We seem to have been in a “forever” war on drugs, but the toll exacted by drugs appears to be growing every year. Is there anything the archdiocese can do take a meaningful stand?
Yes. It’s important that the church speaks loudly because it is a stand for the common good of all people. First of all, from a moral perspective, illegal drugs are outlawed because of their harmful effects on individuals and families. Second, we care deeply about the whole human person, and that means we care about a person’s physical health, spiritual health and emotional health. The church’s voice needs to be heard – calling people to see the harm that’s involved. We are concerned about raising general awareness about the impact of drug use, but, more specifically, we need to help parents and teachers guide young people – the young church – who are dealing with intense peer pressure. It’s very easy for a child to get caught up in drug use because a child wants to fit in and be like everybody else. Sometimes they will hear a friend say, “If you don’t do this, you’re the one who’s immature.”
Can you talk about a group that has been formed locally to come up with a comprehensive and sustainable strategic plan to reduce the negative consequences of illicit drugs and other drugs of abuse and the abuse of alcohol?
The group is called the Greater New Orleans Drug Demand Reduction Coalition (www.gnoddrc.org). The coalition is run by a council of prevention, treatment and law enforcement specialists with a support team of more than 200 concerned citizens. It is being led by Stephanie Haynes and Seton Jenkins, who have been stalwart in assessing the facts about the drug trade and illegal drug use in our community. Our goal is to build a better community together, but in order to do that, we need to get good data about the extent of the problem. Their fact-finding mission has produced an important analysis of the behaviors of 10th graders – the mean age of the study. Looking at sophomore students in the Greater New Orleans Area, 23 percent drink, 21 percent have ridden with a drunk driver, 12 percent have been drunk or “high” at school, 11 percent use marijuana, 5 percent have sold illegal drugs, 5 percent smoke and 4 percent abuse opiates. Among adults, young adults and college students, 40 percent have engaged in binge drinking in the previous two weeks and 18 percent have used marijuana. In 2017, deaths in New Orleans due to opioid overdoses (494) exceeded the number of homicides. Everyone has heard about gun violence in Chicago, where people are shot at a rate of 131 per 100,000. In New Orleans, we have an even higher rate of gun violence – 149 shootings per 100,000 people. Police investigated 454 shootings in 2017 in New Orleans, an average of more than one per day. The NOPD reports that drugs were involved in 90 percent of the cases. The coalition has a four-step plan: assess student drug use through surveys; create a media campaign; raise parental awareness; and teach prevention in schools.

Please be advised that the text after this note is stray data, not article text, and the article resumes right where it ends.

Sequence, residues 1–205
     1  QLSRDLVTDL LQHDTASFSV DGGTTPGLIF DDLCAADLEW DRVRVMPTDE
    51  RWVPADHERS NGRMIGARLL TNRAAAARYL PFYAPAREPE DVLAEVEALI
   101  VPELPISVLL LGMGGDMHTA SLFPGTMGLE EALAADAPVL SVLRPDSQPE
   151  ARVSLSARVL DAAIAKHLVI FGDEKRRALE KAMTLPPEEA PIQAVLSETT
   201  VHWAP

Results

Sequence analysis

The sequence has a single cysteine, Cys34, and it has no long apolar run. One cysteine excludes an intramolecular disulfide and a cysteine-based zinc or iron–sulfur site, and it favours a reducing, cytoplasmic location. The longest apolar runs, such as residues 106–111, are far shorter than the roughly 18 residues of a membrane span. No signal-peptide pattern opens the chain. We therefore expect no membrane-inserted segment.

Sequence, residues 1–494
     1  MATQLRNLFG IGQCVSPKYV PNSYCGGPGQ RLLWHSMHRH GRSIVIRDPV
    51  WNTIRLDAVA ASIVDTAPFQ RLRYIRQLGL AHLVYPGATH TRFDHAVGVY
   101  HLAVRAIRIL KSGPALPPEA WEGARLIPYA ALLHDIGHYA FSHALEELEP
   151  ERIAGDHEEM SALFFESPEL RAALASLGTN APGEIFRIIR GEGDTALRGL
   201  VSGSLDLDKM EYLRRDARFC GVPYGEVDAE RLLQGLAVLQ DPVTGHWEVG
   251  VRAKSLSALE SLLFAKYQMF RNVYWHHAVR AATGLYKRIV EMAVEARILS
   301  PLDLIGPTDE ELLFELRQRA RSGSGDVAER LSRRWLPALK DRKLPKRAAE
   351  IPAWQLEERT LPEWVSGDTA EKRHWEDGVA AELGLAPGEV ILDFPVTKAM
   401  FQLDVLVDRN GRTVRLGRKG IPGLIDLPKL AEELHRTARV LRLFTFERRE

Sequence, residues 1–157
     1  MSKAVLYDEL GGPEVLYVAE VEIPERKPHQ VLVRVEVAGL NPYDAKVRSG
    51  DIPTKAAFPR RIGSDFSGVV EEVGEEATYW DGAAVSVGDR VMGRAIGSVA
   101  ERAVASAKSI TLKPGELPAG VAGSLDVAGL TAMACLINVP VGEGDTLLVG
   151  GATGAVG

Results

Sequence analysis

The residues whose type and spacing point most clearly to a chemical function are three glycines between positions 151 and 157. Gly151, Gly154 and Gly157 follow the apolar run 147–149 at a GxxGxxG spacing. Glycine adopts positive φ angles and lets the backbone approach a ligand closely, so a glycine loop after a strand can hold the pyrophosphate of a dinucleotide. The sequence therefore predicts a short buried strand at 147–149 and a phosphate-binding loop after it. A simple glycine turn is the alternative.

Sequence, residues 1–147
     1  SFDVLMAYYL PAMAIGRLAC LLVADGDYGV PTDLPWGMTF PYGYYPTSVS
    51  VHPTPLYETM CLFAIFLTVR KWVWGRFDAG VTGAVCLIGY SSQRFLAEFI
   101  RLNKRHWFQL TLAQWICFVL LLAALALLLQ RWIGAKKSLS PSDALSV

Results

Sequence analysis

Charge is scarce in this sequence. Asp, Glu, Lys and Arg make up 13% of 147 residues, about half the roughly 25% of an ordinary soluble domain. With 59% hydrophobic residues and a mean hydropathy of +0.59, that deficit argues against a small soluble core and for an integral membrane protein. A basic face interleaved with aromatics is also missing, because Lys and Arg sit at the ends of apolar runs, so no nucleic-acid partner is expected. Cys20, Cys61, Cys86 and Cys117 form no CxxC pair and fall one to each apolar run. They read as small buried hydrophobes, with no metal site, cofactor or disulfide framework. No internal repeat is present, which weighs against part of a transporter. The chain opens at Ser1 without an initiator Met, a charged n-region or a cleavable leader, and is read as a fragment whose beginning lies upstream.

In one sense, anti-drug efforts appear to be swimming against the tide because of the number of states that have loosened restrictions on the recreational use of marijuana. In Colorado, it’s freely sold.
Marijuana is becoming so readily available. Now, we have hard evidence that selling it over the counter has had a harmful effect on society. The marijuana lobby likes to say the drug is harmless, but that’s simply not true. Besides being addictive, marijuana impairs brain function even beyond the phase of acute intoxication, and regular use during adolescence may cause a permanent loss in IQ. There are brain scans of users who began marijuana use at an early stage that show damaged neural development. Since Colorado legalized “recreational” marijuana sales in 2013, the statistics are frightening. There has been a 151 percent increase in marijuana-related auto fatalities. We know that the onset of marijuana use in this area is the age of 6, and we’ve seen kids become habitual users by the age of 10.
What other concerns are there in our area?
Our area is a gateway for heroin in the southeast U.S. We now have convenience stores selling vaping and other drug paraphernalia. Our students carry it with them. A vaping device is as small as a computer thumb drive. Parents need to supervise their children and form them in faith. We also have become much more aware in recent years of opioid addiction.
What is the archdiocese doing now to provide resources for those who are struggling with drugs or alcohol?
We have a life-saving program called SAM – Substance Abuse Ministry – that was established in our archdiocese by Deacon Louis Bauer in Slidell and now has chapters in almost every area of the archdiocese. SAM is for persons afflicted with or affected by substance abuse, and it offers many resources for families and for those who are struggling with recovery. I applaud that group for their vision. I was privileged to give a talk at a SAM meeting about the spirituality of recovery. Kristina Gibson of Catholic Charities’ Isaiah 43 program has been working with parishes on parenting and mentoring initiatives for our youth. We also have a Catholic Charities program called Counseling Solutions, run by Dr. Mark Taliancich, that offers clinical mental health counseling for those struggling with substance abuse. We want to call people to a positive way of life, and we need to open ourselves to God. We can never forget the people who are in recovery from drug and alcohol abuse. No one chooses to become addicted; it is a result of misusing drugs over a period of time. Addiction creeps in and takes over the life of the person. Addiction is not only physical but also spiritual and emotional. God is a healer, and we can ask those suffering with addiction to open themselves to his healing power.
Church Questions for Archbishop Gregory Aymond may be sent to email@example.com.